Audi Sport quattro concept (2013)
quattro is Audi and Audi is quattro – the brand and the technology are indelibly linked. In celebration of the 30th birthday of the Sport quattro, Audi will present its legitimate successor at the 2013 IAA in Frankfurt am Main. The Audi Sport quattro concept show car continues the grand quattro tradition, with a stunning coupe design and plug-in hybrid drive with a system output of 515 kW (700 hp).
quattro is more than just a technology – quattro is a philosophy. The term stands for driving safety and sportiness, technical competence and a dynamic approach to life. Since the debut of the “Ur-quattro” in 1980, Audi has sold more than five million cars with permanent all-wheel drive, far more than any other premium manufacturer worldwide. The strengths of the quattro concept and its successes in racing have been impressively displayed for over three decades now.
One legendary Audi classic is the Sport quattro, which made its debut at the 1983 IAA and was designed as a homologation model for the World Rally Championship. With 225 kW (306 hp) and many technical innovations, it was the supercar of its day. The short wheelbase, which honed the handling, gave the Sport quattro an unmistakable look. The competition car wrote racing history. Walter Röhrl drove it to a convincing victory in the 1987 Pike's Peak International Hill Climb in Colorado, U.S.A.
Exterior design: powerful and eye-catching
With the Audi Sport quattro concept show car, Audi is bringing this grand tradition into the present and taking up ideas again that were first seen in the Audi quattro concept study three years ago. The coupe combines the DNA of the Ur-quattro with dramatic elegance. It has a powerful, intense road stance, its body tautly perched over the 21-inch wheels. The overhangs are short, the proportions sportily balanced.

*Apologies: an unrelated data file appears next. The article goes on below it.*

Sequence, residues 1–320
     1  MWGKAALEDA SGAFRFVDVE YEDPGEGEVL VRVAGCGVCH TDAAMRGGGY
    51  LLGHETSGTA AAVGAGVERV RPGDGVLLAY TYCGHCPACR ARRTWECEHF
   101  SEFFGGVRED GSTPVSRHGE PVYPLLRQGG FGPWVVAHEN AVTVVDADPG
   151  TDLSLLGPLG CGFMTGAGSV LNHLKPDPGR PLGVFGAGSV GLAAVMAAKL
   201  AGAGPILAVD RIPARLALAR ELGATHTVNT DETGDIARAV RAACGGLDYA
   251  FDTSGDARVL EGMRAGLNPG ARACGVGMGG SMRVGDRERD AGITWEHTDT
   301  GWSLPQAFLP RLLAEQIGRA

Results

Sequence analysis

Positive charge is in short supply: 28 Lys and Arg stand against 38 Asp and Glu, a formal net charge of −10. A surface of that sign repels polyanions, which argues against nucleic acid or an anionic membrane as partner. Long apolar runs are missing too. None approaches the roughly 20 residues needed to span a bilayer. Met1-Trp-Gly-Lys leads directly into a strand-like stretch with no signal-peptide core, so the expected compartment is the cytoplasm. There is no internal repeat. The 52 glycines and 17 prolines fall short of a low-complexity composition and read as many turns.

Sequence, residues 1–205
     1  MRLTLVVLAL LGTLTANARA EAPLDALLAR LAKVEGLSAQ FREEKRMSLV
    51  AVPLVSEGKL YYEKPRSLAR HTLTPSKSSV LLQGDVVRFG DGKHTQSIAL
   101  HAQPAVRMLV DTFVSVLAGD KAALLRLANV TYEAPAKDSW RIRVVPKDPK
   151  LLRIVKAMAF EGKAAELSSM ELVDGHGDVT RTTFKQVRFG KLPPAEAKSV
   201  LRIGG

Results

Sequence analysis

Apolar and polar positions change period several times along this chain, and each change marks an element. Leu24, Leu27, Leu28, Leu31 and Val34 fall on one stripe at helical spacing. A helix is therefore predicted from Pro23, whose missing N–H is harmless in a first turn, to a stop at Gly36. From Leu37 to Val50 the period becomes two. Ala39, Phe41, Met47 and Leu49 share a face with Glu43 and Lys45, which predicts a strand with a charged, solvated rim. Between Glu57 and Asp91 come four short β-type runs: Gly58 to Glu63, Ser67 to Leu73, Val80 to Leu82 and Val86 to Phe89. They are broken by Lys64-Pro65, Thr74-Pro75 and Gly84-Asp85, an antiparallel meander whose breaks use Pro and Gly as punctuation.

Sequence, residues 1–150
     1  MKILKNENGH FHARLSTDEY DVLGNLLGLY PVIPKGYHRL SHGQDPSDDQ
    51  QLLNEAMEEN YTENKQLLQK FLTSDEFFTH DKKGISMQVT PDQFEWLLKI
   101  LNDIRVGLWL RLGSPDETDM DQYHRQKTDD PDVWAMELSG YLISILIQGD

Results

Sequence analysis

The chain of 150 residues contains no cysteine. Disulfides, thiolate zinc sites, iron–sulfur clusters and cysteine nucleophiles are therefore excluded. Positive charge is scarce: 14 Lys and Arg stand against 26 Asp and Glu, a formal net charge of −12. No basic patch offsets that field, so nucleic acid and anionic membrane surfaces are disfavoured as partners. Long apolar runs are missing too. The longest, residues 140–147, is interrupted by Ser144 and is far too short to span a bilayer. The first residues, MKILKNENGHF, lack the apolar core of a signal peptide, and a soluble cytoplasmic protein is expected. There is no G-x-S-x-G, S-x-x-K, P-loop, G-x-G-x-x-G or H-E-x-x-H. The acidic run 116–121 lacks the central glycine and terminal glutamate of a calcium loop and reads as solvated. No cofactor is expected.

With a wheelbase of 2,784 millimeters (109.61 in), it is 4,602 millimeters (181.18 in) long. With 1,964 millimeters (77.32 in), the two-door model is very wide and at just 1,386 millimeters (54.57 in) unusually low-slung.
Like the Audi Sport quattro, the Audi Sport quattro concept was designed in the spirit of racing. None of its design solutions are an end unto themselves. Each is driven by a technical function, and several are an homage to the quattro models of the early 1980s. These include the angular, flat C-pillars and the rectangular double headlights featuring Audi's groundbreaking Matrix LED technology, which will be available by the end of this year in the refreshed Audi A8.
Two very flat structures are visible inside the headlight. The wrap-around daytime running lights together with the central low-beam units and the Audi Matrix LED make for a sporty, determined look. The headlights and tail lights are a reinterpretation of lightweight construction. The headlights forsake fascia, exposing the LED heat sinks, while the tail lights reduce glass and housing to a minimum.
The LED high-beam unit of the Audi Matrix LED headlights is comprised of numerous individual diodes. The individual LEDs, which work in tandem with upstream lenses and reflectors, always deliver excellent illumination. They are activated, deactivated or dimmed individually according to the situation. With the number of LEDs, their arrangement and the size and design of the headlights, the new technology offers many fascinating possibilities.
Another design homage are the “blisters” above the fenders. The Audi designers have reinterpreted and strongly accentuated these lines. They give the body even greater emotional appeal and broad shoulders. Throughout the car, sharp contours frame tautly muscular surfaces. With their interplay between convex and concave curvatures, the engine hood, fenders and flanks define the athletic character of the Audi Sport quattro concept.
New details: the single-frame grille